Calif. patients score victory in nursing home transfer case

California must enforce a federal law that protects patients who are transferred from skilled-nursing facilities and unable to be readmitted, a federal appeals court ruled Thursday.

The plaintiffs—three Medi-Cal beneficiaries and the not-for-profit California Advocates for Nursing Home Reform—alleged that the state violated federal law by allowing nursing homes to transfer patients to hospitals and block their return, even after a hearing determined that the individuals must be readmitted. A 9th U.S. Circuit Court of Appeals judge forbade what she described as “meaningless show trials” since the state didn’t actively enforce SNFs to uphold previous hearing appeals on transfers and discharges that essentially act as a safety-net for patients.

“If you don’t enforce a hearing’s results, then why have a hearing?” said Matt Borden, plaintiffs’ counsel with Braun Hagey & Borden.

Nursing homes financially benefit by transferring low-reimbursed Medi-Cal patients and replacing them with Medicare beneficiaries or the commercially insured, he said. The Medi-Cal patients would then end up in the hospital for months at time, which jeopardized their health and cost the state tens of millions of dollars, Borden said.

“Patients can win the hearing and then the facility essentially says ‘we don’t care’ and the state didn’t enforce it,” said Borden, who described the case as one of the first of its kind. “This means California is going to have to do something to enforce the results of these decisions. This ruling doesn’t say how, but the fact they have to enforce it is a huge benefit to residents in California and hopefully other states are watching for rulings like this.”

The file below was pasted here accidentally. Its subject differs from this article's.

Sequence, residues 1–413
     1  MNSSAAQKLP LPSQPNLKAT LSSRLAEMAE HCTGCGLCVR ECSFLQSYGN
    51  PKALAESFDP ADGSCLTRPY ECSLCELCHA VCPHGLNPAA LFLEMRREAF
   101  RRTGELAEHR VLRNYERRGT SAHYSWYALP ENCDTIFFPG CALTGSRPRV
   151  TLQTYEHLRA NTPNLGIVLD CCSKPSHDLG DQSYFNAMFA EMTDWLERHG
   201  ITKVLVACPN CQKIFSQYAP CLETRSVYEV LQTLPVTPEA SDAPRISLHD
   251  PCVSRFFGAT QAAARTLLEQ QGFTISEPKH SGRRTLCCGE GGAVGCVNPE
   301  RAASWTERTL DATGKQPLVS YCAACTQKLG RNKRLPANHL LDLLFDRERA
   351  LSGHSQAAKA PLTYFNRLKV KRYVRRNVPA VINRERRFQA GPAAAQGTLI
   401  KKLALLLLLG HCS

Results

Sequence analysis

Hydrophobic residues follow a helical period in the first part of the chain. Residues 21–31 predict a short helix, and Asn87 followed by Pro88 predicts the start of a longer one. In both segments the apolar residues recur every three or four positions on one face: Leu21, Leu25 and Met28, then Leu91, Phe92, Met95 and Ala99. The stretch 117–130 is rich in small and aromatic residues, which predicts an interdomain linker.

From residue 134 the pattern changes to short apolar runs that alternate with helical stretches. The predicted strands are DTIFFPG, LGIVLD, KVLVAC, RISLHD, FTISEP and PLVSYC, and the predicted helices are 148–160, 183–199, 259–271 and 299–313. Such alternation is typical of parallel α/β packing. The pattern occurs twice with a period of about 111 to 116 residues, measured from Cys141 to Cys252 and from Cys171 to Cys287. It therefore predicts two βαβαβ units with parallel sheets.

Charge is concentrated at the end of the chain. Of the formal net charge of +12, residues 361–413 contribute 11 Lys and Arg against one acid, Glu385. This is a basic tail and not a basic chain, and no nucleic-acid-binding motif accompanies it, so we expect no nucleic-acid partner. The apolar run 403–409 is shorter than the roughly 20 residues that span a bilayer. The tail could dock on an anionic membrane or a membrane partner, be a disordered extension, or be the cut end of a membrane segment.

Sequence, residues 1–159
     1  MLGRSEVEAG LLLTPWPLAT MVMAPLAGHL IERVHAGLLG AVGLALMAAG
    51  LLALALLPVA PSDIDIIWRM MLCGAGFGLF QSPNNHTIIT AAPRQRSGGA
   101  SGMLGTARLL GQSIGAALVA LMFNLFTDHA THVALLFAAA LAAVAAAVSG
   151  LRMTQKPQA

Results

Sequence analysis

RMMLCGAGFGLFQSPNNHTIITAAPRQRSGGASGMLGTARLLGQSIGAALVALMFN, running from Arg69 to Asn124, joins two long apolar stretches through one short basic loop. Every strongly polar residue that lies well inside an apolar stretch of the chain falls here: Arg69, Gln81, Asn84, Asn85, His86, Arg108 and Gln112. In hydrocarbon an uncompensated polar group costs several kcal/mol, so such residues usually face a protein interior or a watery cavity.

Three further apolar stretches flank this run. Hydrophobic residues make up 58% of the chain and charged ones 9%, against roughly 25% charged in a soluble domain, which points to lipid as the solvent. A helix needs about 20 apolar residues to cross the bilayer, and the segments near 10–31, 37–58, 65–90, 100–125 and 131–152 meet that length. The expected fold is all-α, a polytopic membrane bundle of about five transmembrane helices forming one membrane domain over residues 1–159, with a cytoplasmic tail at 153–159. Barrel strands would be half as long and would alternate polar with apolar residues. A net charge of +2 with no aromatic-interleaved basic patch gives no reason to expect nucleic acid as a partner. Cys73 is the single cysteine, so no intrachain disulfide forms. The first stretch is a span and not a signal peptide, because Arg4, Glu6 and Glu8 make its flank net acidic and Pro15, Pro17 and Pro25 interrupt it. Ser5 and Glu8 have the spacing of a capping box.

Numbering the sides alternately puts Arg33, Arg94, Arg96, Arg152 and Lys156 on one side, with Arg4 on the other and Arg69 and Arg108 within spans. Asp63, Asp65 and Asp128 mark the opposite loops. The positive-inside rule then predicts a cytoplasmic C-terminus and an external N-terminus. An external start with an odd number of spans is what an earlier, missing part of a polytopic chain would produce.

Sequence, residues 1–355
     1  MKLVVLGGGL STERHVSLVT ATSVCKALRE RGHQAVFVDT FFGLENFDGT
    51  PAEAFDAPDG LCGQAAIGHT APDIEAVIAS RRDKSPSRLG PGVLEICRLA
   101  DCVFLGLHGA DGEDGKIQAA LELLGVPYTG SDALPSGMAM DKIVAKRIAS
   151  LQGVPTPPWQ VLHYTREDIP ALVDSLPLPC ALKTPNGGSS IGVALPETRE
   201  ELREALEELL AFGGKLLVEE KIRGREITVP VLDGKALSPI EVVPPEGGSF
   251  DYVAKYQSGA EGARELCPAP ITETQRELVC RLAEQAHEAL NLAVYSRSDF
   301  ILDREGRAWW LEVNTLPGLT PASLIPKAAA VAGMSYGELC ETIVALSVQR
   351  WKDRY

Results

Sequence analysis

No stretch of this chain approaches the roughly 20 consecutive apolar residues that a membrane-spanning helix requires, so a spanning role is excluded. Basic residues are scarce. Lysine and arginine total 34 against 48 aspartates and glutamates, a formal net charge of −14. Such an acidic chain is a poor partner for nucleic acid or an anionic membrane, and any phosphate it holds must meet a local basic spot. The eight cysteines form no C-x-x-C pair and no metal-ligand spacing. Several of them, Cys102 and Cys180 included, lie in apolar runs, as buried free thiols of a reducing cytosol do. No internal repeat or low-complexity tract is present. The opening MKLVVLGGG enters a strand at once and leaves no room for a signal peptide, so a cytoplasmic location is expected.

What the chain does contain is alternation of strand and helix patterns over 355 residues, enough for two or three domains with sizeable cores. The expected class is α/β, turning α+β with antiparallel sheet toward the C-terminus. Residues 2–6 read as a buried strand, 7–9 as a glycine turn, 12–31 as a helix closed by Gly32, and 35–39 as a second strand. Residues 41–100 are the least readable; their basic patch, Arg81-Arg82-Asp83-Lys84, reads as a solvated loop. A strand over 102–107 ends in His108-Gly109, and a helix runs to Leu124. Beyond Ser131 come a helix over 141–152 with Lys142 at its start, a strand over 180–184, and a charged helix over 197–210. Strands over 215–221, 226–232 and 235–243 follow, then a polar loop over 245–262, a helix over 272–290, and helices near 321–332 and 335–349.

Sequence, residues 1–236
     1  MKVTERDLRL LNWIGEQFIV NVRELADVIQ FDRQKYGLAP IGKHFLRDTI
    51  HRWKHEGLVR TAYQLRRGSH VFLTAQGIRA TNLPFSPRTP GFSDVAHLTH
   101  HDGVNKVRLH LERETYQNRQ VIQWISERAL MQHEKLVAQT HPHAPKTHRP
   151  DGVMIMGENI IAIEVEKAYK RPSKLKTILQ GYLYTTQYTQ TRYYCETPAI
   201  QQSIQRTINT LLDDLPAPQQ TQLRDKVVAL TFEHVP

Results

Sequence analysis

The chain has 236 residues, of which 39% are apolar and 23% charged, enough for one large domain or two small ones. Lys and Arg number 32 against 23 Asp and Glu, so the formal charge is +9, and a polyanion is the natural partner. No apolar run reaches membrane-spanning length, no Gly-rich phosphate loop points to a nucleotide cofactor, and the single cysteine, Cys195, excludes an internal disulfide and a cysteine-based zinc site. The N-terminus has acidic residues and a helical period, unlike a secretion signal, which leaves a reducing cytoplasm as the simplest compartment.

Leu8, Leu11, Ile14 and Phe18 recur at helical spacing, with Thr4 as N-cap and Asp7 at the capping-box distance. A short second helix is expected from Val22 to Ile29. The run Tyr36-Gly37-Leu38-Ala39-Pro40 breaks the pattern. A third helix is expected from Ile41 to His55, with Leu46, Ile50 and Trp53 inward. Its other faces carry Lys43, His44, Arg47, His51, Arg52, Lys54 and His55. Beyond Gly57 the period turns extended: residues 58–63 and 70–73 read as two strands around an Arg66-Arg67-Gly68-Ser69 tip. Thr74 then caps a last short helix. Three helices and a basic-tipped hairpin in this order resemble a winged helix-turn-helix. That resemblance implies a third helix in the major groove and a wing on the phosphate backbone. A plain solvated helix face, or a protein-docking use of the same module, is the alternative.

Importantly, the court did not decide whether the state’s process was lawful or unlawful, said Mark Reagan, a managing shareholder at Hooper, Lundy & Bookman who represented the California Association of Health Facilities, which served as an amicus on the case. It does not foretell the ultimate result in the case, he said.

“We disagree with the narrative advanced by the plaintiffs as to a purported ‘dumping’ epidemic,” Reagan said in a statement. “Our experience has been that the vast majority of the transfers or discharges relate to residents who are well enough to return home, present needs that cannot be appropriately served in the SNF in which they reside or present behaviors that place other residents and staff at risk for their safety. We believe that the individual plaintiffs in this case fall within these categories.”

The appeals court overturned the lower court’s dismissal of the case, when it initially said that under the current statutes, Congress did not intend to create an enforceable right to a meaningful hearing.

Now, a successful appeal must have “some actual effect on the challenged action, here a transfer or discharge,” Judge Marsha Berzon wrote for the court. Residents have the right not only to appeal a discharge or transfer, but also to “an enforceable order overturning an invalid discharge or transfer,” she wrote.

Typically, state officials will fine a SNF several thousand dollars if the patient was found to be unnecessarily discharged to the hospital and the facility will agree to educate their staff. But the fine can be appealed and the process can drag out for months.

Meanwhile, the increase in the alleged “patient-dumping” trend over the past decade has cost the state more than $70 million, the plaintiffs wrote in their complaint.

Skilled-nursing facilities receive on average $190 per day for a Medi-Cal resident while the cost of a hospital bed is $1,800 a day, according to the complaint. One of the plaintiffs had spent 136 days in the hospital since he had won the right to be readmitted, which cost taxpayers nearly $220,000, the lawsuit alleged.